Burma’s opposition leader Aung San Suu Kyi left Wednesday on an 18-day trip to Europe as ethnic strife rocked the western part of the country.
The 66-year-old democracy campaigner will address an International Labor Organization (ILO) meeting and pick up her overdue Nobel prize during her first trip to the region since she left Britain in 1988 and began living under house arrest in Rangoon.
"She left at 10:00 am this morning on Thai Airways International,” her National League for Democracy (NLD) party’s spokesman Nyan Win said Wednesday in Rangoon. “They will arrive in Switzerland tomorrow.”
Accompanied by four aides and NLD members—Khun Thar Myint, Tin Mar Aung, Zayer Thaw, and Naychi Win—she will travel through Switzerland, Sweden, Norway, the UK, Ireland, and France.
Her trip comes as President Thein Sein scrambles to ease sectarian tensions between Rakhine Buddhists and Muslim Rohingya in Rakhine state, which has been under emergency rule since Sunday. About two dozen people have died in the clashes.
While in Europe, the opposition leader could face calls from international rights groups to stand up for the Rohingya—a stateless group the U.N. has called one of the world’s most persecuted minorities—at the risk of alienating some of her supporters in Burma, where the Rohingya are mostly considered illegal immigrants and viewed with hostility.
An NLD spokesman said before Aung San Suu Kyi left for Europe she had instructed him to work "to help both sides equally," according to Agence France Presse.
Rohingya living in refugee camps in Bangladesh appealed Wednesday for Aung San Suu Kyi to help other members of their group in Burma.
Last week, she met with Muslim leaders in Rangoon to express her condolences, stressing a need for the country’s courts and police to take control of the situation.
On her first stop on her European tour, Aung San Suu Kyi will address the International Labour Organization’s (ILO) annual summit in Geneva on Friday.
Ahead of her visit, the ILO announced Wednesday that it is welcoming Burma back into its fold for the first time since 1990.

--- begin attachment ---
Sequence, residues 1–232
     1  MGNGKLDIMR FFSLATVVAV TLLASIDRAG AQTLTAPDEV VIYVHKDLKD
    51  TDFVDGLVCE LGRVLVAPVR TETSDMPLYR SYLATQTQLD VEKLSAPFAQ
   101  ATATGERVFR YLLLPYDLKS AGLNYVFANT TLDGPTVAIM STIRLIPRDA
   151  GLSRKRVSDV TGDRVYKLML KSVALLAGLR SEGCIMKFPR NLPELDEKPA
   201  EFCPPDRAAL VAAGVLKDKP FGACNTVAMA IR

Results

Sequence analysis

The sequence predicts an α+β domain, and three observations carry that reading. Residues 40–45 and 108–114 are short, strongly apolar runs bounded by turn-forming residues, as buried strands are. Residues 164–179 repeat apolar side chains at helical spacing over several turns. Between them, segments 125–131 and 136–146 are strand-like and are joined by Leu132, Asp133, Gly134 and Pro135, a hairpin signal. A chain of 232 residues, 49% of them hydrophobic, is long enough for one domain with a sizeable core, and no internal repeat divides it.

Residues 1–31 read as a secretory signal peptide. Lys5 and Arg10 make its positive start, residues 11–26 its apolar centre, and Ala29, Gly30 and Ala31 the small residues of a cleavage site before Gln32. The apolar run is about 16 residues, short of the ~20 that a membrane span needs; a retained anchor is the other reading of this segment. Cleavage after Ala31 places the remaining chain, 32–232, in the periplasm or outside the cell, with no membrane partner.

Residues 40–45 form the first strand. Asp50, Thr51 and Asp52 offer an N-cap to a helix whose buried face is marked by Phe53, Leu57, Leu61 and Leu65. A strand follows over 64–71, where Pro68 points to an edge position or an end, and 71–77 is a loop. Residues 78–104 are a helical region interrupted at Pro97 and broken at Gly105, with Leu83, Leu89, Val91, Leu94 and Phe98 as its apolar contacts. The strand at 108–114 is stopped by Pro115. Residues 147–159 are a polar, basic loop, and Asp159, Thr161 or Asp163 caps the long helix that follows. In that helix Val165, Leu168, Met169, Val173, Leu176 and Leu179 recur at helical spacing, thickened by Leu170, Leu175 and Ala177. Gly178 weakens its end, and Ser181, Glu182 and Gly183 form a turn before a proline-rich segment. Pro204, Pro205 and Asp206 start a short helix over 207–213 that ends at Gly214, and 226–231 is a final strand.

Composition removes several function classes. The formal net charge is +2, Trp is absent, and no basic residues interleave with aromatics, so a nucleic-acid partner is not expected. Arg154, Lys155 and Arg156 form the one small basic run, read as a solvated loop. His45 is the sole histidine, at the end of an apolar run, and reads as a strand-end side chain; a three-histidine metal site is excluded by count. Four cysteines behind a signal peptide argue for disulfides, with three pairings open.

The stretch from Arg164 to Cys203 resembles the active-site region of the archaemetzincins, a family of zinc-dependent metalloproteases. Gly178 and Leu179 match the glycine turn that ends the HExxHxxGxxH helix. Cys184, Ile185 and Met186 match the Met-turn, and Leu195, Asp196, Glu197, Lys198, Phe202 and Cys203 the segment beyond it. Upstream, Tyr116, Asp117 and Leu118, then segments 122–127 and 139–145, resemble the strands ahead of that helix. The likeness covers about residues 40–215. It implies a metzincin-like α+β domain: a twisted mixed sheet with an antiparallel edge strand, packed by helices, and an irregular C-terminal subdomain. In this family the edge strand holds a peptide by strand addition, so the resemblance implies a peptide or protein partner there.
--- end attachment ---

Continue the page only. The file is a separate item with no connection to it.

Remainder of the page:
“The International Labour Organization has lifted its restrictions on the full participation of Myanmar [Burma] in its activities and decided to review the progress on the elimination of forced labour in the country next year,” the global watchdog said in a statement.
The decision follows an agreement by ILO and Burmese officials on an action plan to end forced labor, as well as Burmese Labor Minister Aung Kyi’s promise in a speech to the ILO earlier this month that the country will stop the practice before 2015.
After the ILO meeting, Aung San Suu Kyi will travel to Oslo for a ceremony to accept the Nobel Peace Prize she was awarded in 1991.
Her British husband and two sons in the UK had accepted the award on her behalf while she was afraid to leave her homeland for fear the generals who considered her a threat to their grip on power would not allow her to return.
Afterwards, she will travel to Britain, where she studied at Oxford University in the 1960s, and celebrate her 67th birthday with her sons.
She will be awarded an honorary doctorate in civil law at her alma mater on June 20, a day before addressing both houses of the British parliament—an honor bestowed on only a handful of world leaders.
Her stop in Ireland will include a benefit concert by rock group U2 hosted by Amnesty International.
The European tour is her second trip abroad in 24 years, after a week-long stay in Thailand earlier this month, where she gave a keynote speech to the World Economic Forum’s regional meeting, warning international investors to be “cautious” in doing business in her country.
While in the country, she met with Burmese migrant workers and highlighted the plight of refugees living in camps near the Burmese border who fled ethnic fighting in northern Burma’s Kachin state that has flared since last year.
Reported by RFA’s Burmese service. Translated by Khin May Zaw. Written in English by Rachel Vandenbrink.